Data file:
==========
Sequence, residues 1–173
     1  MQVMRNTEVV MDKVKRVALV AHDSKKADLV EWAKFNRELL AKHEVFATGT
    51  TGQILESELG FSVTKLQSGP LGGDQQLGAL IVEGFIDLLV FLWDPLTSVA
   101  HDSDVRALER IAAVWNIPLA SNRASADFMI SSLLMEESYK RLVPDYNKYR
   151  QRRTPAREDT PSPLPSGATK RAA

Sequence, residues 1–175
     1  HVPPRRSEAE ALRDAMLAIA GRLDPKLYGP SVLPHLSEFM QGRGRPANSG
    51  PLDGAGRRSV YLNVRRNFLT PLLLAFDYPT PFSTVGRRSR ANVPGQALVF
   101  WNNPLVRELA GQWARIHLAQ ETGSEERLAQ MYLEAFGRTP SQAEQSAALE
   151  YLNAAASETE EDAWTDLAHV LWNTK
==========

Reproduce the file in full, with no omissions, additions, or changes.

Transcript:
Sequence, residues 1–173
     1  MQVMRNTEVV MDKVKRVALV AHDSKKADLV EWAKFNRELL AKHEVFATGT
    51  TGQILESELG FSVTKLQSGP LGGDQQLGAL IVEGFIDLLV FLWDPLTSVA
   101  HDSDVRALER IAAVWNIPLA SNRASADFMI SSLLMEESYK RLVPDYNKYR
   151  QRRTPAREDT PSPLPSGATK RAA

Sequence, residues 1–175
     1  HVPPRRSEAE ALRDAMLAIA GRLDPKLYGP SVLPHLSEFM QGRGRPANSG
    51  PLDGAGRRSV YLNVRRNFLT PLLLAFDYPT PFSTVGRRSR ANVPGQALVF
   101  WNNPLVRELA GQWARIHLAQ ETGSEERLAQ MYLEAFGRTP SQAEQSAALE
   151  YLNAAASETE EDAWTDLAHV LWNTK